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Burns

Robert Burns

Postcard of Burns Mausoleum, Dumfries (1)

Period:
Early 20th Century
Description:

"Burns' Mausoleum, Dumfries".  A colour tinted postcard from a photograph of the mausoleum, including a colour printed image of the town's crest and a banner of Malcolm tartan.

 

In the years following his death, Robert Burns' admirers came to believe that his simple grave was an insufficient memorial to the poet. In 1813 his friend and superior in the Excise, John Syme, formed a committee and launched an appeal to build a mausoleum in his memory. One of the subscribers was the Prince Regent, later George IV. After a public advertisement, over 50 designs were received and the plans of T F Hunt, a London architect were approved.


The statuary group within the mausoleum was designed and worked by Peter Turnerelli. It depicts Burns' own conception of "Coila", representing the Ayrshire district of Kyle where he was born, throwing her inspiring mantle over the poet as he works at the plough.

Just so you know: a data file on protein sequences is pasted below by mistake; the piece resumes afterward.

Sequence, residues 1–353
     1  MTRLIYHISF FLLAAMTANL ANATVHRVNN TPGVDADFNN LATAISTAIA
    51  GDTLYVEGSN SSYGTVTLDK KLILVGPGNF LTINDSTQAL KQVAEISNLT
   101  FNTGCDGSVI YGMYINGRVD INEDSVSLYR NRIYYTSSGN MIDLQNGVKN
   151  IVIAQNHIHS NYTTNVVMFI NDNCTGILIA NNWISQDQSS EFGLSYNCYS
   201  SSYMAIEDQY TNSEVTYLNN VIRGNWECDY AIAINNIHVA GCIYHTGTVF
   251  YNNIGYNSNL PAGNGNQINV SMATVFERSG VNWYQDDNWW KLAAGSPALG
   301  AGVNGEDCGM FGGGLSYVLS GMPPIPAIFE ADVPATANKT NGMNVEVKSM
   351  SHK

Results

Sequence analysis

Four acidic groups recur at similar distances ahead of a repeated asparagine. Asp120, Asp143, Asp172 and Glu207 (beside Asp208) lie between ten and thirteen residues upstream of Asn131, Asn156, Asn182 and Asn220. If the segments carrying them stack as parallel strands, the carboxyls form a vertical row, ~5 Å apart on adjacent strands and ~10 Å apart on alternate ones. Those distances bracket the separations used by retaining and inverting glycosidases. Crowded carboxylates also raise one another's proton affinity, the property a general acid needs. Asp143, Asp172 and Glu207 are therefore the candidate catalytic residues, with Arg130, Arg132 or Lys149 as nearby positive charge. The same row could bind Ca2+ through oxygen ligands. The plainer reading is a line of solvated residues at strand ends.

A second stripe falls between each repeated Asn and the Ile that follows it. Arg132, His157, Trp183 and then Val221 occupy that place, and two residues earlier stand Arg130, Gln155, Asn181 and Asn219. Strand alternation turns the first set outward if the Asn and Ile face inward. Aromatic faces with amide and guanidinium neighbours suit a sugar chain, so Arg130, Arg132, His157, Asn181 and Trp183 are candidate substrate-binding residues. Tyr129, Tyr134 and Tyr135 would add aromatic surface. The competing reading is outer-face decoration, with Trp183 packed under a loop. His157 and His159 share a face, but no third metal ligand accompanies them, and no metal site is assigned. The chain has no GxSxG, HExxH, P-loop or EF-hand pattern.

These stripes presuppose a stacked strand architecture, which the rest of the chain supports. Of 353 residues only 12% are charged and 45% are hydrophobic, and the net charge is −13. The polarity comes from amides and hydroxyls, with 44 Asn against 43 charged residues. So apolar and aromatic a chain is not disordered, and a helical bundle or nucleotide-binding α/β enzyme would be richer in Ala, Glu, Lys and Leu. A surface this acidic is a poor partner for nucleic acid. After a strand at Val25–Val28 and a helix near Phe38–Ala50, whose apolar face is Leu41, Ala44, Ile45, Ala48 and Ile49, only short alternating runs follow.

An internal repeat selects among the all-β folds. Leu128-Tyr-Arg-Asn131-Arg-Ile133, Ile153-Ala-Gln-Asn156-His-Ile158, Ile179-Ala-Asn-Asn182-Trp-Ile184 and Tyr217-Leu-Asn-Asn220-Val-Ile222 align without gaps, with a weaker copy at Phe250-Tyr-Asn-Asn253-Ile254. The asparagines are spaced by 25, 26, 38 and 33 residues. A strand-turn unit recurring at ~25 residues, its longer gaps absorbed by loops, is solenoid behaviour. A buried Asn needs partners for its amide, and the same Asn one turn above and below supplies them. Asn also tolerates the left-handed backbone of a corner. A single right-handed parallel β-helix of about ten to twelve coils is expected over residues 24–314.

This postcard illustrates the mausoleum, but also includes a version of the crest of the Royal Burgh of Dumfries, showing St. Michael and, with much less relevance, the top right hand corner is overprinted with a banner of the Malcolm tartan. Both town crests and tartan were popular graphic devices on souvenir ware of this period.

Materials/Media:
paper
Dimensions:
length: 88 mm, width: 139 mm
Source:
Dumfries Museum & Camera Obscura
Accession number:
Postcard, BUR / 3
Digital Number:
DMBN037n
Creation Date:
c 1905
Copyright:
Dumfries & Galloway Council